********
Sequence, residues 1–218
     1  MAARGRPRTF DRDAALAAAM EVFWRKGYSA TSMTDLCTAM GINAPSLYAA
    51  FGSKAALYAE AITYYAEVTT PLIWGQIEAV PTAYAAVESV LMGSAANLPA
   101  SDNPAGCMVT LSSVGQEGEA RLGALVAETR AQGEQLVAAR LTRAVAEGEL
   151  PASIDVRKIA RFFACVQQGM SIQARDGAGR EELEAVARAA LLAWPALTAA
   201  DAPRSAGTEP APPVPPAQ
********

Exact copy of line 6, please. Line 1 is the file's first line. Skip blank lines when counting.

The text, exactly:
   201  DAPRSAGTEP APPVPPAQ